First it was spring quarter.
Then it was graduation.
UCLA announced Wednesday via Twitter that commencement ceremonies would be conducted online due to increasing public health concerns surrounding COVID-19.
While the decision was made to protect graduates’ friends and family who may be more vulnerable to contracting the disease, the method of communication and lack of student input rubbed salt in a large – and growing – wound.
For many students, especially those first generation, transfer or undocumented students who have overcome significant obstacles to walk across the stage and receive their diploma, watching a keynote speaker address the Class of 2020 on a computer screen is no substitution for the real thing.
It is unreasonable to expect that all graduates would be able to attend a ceremony at a later date, which is why it’s important to have the option to participate virtually. But offering a traditional commencement experience when conditions become safe again would give students and families the opportunity to experience a moment they’ve waited years for.
There’s no denying that coronavirus has upended the global economy, taken thousands of lives and stands as a serious public health risk.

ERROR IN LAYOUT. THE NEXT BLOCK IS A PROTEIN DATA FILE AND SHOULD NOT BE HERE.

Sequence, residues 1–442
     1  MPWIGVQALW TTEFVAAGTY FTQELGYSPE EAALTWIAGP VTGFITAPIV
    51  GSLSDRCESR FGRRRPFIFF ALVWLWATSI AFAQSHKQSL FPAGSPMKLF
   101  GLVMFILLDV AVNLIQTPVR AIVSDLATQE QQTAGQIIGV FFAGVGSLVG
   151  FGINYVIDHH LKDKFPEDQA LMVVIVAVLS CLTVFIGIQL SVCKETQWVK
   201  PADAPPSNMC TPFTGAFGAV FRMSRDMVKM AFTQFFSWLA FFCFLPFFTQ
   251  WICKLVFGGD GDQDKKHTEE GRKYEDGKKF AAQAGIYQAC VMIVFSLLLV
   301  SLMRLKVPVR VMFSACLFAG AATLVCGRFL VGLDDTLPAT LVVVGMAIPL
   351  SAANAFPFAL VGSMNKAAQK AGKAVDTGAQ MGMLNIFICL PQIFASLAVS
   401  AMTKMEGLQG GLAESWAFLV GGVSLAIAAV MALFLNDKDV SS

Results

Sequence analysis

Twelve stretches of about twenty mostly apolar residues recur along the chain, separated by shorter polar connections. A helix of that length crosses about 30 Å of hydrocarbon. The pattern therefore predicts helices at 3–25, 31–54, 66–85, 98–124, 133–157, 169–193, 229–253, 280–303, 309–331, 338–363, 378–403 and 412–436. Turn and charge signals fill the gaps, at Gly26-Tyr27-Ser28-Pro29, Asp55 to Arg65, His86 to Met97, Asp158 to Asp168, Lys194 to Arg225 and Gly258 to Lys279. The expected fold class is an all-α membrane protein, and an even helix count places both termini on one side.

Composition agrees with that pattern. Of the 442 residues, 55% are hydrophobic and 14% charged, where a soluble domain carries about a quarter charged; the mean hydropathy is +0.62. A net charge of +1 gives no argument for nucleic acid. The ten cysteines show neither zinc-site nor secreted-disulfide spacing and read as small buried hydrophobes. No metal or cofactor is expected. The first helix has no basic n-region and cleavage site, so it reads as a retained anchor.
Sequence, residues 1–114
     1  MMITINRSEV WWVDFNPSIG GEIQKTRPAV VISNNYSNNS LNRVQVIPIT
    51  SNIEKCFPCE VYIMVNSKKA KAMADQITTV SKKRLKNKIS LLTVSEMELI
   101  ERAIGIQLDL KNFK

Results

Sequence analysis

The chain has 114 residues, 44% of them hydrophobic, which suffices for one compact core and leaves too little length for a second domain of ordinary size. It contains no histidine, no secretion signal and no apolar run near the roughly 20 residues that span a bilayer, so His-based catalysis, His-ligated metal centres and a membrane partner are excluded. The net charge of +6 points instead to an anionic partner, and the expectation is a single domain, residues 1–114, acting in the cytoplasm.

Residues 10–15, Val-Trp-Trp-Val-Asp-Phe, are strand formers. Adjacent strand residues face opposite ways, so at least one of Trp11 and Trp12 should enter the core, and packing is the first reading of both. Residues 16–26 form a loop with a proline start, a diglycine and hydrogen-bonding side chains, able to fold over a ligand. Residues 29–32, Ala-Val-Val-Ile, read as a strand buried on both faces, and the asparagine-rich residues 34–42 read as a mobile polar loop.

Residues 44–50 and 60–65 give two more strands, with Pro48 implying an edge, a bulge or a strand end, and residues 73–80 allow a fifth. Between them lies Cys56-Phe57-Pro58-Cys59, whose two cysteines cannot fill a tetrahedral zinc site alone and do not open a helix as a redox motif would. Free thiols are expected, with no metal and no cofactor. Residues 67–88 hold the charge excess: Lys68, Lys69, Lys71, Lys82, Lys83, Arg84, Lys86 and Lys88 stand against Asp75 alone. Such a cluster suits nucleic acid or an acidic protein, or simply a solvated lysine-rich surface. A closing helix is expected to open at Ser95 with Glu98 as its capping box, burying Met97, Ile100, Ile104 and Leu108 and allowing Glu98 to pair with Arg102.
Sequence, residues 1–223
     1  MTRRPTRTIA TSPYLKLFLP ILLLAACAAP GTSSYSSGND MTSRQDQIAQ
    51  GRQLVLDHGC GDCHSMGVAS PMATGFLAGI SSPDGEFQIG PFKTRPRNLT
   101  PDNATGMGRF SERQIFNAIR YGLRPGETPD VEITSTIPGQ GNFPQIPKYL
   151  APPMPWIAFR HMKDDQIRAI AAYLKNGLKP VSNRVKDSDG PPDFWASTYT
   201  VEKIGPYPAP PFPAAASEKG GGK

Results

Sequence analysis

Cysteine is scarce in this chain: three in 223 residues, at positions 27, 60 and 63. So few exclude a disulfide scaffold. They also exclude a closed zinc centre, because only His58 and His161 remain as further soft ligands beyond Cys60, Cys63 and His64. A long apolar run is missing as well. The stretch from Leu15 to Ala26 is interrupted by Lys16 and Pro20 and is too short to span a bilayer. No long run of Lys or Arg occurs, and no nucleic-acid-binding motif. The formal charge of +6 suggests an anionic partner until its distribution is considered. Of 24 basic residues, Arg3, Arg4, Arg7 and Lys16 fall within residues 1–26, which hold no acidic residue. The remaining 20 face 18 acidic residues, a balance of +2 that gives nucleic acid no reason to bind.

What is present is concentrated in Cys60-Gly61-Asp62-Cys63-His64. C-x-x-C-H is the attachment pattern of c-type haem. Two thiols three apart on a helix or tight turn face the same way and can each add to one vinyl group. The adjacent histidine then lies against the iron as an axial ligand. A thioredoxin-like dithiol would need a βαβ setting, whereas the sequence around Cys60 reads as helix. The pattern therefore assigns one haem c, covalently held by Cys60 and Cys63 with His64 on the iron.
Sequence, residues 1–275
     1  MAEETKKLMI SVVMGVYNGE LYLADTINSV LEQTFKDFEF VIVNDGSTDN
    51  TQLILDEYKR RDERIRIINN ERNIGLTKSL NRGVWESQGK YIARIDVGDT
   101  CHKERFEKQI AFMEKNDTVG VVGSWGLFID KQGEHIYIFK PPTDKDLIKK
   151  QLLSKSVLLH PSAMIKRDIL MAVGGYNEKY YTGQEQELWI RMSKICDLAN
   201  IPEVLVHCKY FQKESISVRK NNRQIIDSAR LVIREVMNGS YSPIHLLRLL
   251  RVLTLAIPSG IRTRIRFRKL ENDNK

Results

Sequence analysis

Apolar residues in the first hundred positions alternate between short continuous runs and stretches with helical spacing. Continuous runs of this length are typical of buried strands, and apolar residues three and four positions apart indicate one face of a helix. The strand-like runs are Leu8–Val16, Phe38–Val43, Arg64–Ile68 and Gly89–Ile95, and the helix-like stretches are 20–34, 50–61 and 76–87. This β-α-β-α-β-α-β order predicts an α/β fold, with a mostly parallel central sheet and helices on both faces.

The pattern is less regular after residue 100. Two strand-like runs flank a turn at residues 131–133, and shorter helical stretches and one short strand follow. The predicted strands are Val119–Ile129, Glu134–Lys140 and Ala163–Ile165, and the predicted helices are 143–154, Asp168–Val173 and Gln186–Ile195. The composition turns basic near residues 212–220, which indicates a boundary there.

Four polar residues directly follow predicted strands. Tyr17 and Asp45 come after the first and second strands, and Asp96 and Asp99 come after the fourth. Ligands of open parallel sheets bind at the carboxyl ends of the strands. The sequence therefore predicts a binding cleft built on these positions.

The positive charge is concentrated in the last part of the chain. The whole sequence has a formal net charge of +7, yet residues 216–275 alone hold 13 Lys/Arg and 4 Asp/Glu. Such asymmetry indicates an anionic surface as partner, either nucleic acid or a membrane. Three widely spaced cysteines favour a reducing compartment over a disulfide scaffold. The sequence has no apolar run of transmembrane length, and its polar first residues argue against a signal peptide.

But to diminish the importance of commencement in a mere tweet shows UCLA cares far more about its public image than its student experience.
Other universities have made plans to postpone commencement ceremonies. University of California, Irvine, the first of the UC system to announce such a decision, said they would consider either a virtual commencement or a ceremony during winter break December 2020. Currently, all California State University commencements are postponed to later this year.
The number one public university, on the other hand, decided that it would be suitable to send off its centennial class via a screen.
Following a student petition, the University of Pennsylvania considered hosting its commencement celebrations during fall of 2020. As of the publication of this editorial, UCLA students have circulated two petitions regarding the state of commencement.
Now, the UCLA administration has given graduates the opportunity to participate in a poll on their myUCLA accounts about how they would like the commencement to take place.
All students can do now is vote for what they want their graduation experience to be and hope the university actually listens.
There’s no telling where coronavirus may take the globe even a week from now. Commencement is months away, and seeing how quickly the news cycle has evolved, it will be an equally unpredictable time. Bruins understand the logistical and public health barriers to having a graduation ceremony anytime soon – but it doesn’t mean UCLA doesn’t owe them the promise of one somewhere down the line.
“Please remember: the day does not define the journey,” UCLA’s cancellation tweet read.
But imagine filling out financial aid forms without help, navigating a campus with little advice and hearing your parents tell you how proud they are for four years.
This day is what the journey has led to.